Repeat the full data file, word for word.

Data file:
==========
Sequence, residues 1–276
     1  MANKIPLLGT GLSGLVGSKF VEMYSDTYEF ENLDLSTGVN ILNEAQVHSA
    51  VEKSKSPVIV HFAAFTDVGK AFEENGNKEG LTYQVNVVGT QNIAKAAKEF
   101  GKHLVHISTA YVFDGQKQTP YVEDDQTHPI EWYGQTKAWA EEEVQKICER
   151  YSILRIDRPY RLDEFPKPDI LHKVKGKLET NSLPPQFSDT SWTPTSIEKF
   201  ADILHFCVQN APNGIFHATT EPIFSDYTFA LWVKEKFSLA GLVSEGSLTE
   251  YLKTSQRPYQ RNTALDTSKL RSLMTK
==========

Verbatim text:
Sequence, residues 1–276
     1  MANKIPLLGT GLSGLVGSKF VEMYSDTYEF ENLDLSTGVN ILNEAQVHSA
    51  VEKSKSPVIV HFAAFTDVGK AFEENGNKEG LTYQVNVVGT QNIAKAAKEF
   101  GKHLVHISTA YVFDGQKQTP YVEDDQTHPI EWYGQTKAWA EEEVQKICER
   151  YSILRIDRPY RLDEFPKPDI LHKVKGKLET NSLPPQFSDT SWTPTSIEKF
   201  ADILHFCVQN APNGIFHATT EPIFSDYTFA LWVKEKFSLA GLVSEGSLTE
   251  YLKTSQRPYQ RNTALDTSKL RSLMTK